10 minutes, Jaytee spent at the window. The filled circle/square indicates the first 10 minutes of Pam’s return journey.¬† The lower line, marked with squares excludes 7 observations where Jaytee spent especially much time at the window before Pam returned, I won’t be using it.

But what does that mean?
For one thing it clearly contradicts Sheldrake’s earlier conclusion. Jaytee does not suddenly go to the window and wait there as soon as Pam starts returning. He simply spent more and more time there.

It does seem as if he had a rough idea of when Pam would return and behaved accordingly but maybe he was merely reacting to the parents anticipation. Even though she should not have told them they may have been able to guess from clues like what she took along. Or indeed, Jaytee may guessed himself.
I must admit, though, that I am not entirely certain if that may not be simply a statistical illusion.


Now things get seriously weird. A normal person, or at least a normal scientist, faced with that data would now seriously reevaluate his assumptions. Maybe when the parents took the notes, they were picking up some different, more subtle clues from the dog. Maybe just looking at when the dog goes to a certain spot is not good enough.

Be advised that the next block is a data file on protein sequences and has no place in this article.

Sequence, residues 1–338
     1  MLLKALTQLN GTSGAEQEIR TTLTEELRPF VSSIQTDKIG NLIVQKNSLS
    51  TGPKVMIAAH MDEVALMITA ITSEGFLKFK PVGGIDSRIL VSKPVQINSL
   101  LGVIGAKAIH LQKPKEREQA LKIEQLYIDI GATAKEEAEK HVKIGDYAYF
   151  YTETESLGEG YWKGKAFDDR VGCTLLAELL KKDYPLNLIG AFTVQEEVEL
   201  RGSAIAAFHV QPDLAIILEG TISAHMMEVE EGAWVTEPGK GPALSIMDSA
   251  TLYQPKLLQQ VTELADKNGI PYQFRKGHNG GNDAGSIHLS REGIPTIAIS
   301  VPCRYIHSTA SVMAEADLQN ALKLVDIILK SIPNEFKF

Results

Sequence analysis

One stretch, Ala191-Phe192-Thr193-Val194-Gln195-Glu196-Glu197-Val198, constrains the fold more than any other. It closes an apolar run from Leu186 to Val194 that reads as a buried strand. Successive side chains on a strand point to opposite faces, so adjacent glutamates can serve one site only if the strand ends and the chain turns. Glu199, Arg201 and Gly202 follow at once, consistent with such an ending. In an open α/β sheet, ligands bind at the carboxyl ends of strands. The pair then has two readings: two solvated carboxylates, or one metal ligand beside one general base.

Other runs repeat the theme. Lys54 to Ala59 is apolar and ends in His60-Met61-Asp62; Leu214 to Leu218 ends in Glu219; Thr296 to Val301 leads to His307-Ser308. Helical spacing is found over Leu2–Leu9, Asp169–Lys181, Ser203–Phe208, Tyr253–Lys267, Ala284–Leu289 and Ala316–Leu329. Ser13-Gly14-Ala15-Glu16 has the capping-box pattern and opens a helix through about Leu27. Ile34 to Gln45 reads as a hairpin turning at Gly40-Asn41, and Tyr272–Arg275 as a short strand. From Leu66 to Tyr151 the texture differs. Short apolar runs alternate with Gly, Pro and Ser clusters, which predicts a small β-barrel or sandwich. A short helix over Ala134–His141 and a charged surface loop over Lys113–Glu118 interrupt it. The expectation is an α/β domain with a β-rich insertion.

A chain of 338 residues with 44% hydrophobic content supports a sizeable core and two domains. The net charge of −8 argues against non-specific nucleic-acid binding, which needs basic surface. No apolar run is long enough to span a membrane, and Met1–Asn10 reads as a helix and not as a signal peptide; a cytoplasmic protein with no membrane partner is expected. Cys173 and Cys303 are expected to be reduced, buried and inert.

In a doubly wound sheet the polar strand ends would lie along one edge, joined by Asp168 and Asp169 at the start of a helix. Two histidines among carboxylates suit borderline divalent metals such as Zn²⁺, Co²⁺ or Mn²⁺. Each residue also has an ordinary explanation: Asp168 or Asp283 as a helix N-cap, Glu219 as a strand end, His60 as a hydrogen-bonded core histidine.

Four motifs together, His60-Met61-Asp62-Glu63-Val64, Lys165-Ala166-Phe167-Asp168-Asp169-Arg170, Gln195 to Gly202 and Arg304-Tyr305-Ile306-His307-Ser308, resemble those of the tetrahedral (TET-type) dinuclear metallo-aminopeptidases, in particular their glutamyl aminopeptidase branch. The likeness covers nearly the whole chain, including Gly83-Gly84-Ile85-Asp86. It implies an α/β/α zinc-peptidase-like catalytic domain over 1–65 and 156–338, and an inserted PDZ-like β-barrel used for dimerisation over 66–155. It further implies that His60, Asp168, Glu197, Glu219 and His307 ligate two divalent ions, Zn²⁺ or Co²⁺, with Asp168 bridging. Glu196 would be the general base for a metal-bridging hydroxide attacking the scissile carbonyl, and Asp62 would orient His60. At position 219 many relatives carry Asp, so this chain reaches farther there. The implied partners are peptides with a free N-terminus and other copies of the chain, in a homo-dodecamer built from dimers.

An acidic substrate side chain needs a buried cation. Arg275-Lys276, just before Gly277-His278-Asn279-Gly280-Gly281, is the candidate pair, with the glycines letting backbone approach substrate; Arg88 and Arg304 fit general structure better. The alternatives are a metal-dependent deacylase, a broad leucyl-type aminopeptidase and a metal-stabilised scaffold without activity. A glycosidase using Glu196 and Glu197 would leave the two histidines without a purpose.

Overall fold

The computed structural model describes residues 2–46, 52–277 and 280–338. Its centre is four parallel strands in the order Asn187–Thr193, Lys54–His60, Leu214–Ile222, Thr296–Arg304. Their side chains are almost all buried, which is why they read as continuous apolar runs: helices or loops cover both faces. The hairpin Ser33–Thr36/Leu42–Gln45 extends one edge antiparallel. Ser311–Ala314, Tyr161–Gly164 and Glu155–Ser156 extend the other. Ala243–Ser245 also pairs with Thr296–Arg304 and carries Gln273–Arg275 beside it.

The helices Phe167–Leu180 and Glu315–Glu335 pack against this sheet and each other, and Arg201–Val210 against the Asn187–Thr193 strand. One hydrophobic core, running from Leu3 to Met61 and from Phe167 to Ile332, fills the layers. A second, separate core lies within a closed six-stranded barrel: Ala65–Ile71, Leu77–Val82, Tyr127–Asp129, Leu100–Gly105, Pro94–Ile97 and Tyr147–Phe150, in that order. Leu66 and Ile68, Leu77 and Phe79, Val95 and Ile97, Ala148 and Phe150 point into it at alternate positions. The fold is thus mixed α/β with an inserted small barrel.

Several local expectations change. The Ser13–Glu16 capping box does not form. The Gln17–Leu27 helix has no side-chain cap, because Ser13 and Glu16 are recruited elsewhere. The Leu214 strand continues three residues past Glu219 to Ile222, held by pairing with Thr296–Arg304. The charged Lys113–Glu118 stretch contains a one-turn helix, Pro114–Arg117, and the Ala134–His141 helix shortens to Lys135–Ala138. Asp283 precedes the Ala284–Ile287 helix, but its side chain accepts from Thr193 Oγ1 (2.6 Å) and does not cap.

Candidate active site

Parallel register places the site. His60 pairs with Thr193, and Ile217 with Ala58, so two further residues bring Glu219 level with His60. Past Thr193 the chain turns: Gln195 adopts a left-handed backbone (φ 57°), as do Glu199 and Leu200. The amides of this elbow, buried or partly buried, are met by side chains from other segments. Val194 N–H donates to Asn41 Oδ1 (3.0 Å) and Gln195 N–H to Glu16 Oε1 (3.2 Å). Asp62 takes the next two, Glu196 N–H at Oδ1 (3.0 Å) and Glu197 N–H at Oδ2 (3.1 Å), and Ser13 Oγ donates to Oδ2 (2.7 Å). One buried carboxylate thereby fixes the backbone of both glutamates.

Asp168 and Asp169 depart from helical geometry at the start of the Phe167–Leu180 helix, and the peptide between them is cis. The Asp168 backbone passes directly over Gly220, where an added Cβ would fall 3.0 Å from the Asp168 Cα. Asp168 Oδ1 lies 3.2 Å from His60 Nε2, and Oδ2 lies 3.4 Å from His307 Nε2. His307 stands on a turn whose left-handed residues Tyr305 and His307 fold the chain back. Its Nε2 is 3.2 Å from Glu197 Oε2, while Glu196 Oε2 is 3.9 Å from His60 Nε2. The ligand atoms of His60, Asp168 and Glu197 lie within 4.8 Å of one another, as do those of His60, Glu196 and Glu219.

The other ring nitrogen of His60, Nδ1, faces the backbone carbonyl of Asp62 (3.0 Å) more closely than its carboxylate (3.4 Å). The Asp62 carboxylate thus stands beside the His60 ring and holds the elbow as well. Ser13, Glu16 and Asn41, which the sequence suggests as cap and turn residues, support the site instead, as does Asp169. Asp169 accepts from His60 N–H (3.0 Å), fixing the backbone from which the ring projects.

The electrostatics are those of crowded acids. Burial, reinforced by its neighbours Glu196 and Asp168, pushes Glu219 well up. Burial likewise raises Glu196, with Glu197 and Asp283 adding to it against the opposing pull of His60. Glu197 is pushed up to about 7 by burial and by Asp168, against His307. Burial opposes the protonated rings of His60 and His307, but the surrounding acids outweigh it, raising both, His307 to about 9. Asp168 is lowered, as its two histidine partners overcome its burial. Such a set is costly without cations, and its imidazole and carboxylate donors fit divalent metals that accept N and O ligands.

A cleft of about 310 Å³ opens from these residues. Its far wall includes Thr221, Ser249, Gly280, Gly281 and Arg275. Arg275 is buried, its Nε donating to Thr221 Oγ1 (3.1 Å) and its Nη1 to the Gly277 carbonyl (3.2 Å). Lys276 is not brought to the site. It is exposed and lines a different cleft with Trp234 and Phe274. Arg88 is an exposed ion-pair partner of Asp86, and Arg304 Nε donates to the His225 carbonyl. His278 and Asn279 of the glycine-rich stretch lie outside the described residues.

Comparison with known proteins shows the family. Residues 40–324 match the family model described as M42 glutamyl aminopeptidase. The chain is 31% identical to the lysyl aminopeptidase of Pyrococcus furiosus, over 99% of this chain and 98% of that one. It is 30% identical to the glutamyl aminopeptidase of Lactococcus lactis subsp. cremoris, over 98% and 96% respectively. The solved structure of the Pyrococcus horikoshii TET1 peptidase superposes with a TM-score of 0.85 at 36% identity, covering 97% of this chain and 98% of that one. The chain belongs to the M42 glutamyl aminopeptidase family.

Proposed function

Or maybe the telepathic link was between Pam and her parents in the first place.

That’s however not what Sheldrake does. Sheldrake argues that the data confirms his idea. Jaytee spends the most time at the window right before Pam returns therefor he’s psychic. That’s the argument. No kidding.
It gets worse.

He is aware that if the dog goes to the window more and more this will also have him at the window most when Pam returns. And this is why he produced that graph. I took it right from his paper. And, you see, it shows how Jaytee did not go to the window more and more. You don’t see? Good for you.